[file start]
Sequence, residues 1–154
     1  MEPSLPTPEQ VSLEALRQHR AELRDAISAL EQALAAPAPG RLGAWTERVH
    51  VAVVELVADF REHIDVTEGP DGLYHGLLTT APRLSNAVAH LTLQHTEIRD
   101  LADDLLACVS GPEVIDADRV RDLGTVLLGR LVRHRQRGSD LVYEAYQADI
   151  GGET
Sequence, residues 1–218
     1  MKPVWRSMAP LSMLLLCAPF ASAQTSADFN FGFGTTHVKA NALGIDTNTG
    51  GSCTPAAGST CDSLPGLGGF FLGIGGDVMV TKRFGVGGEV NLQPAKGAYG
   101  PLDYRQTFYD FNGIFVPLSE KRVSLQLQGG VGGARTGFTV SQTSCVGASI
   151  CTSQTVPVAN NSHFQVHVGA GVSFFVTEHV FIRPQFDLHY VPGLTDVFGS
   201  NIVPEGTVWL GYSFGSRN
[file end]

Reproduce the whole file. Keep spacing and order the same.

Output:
Sequence, residues 1–154
     1  MEPSLPTPEQ VSLEALRQHR AELRDAISAL EQALAAPAPG RLGAWTERVH
    51  VAVVELVADF REHIDVTEGP DGLYHGLLTT APRLSNAVAH LTLQHTEIRD
   101  LADDLLACVS GPEVIDADRV RDLGTVLLGR LVRHRQRGSD LVYEAYQADI
   151  GGET
Sequence, residues 1–218
     1  MKPVWRSMAP LSMLLLCAPF ASAQTSADFN FGFGTTHVKA NALGIDTNTG
    51  GSCTPAAGST CDSLPGLGGF FLGIGGDVMV TKRFGVGGEV NLQPAKGAYG
   101  PLDYRQTFYD FNGIFVPLSE KRVSLQLQGG VGGARTGFTV SQTSCVGASI
   151  CTSQTVPVAN NSHFQVHVGA GVSFFVTEHV FIRPQFDLHY VPGLTDVFGS
   201  NIVPEGTVWL GYSFGSRN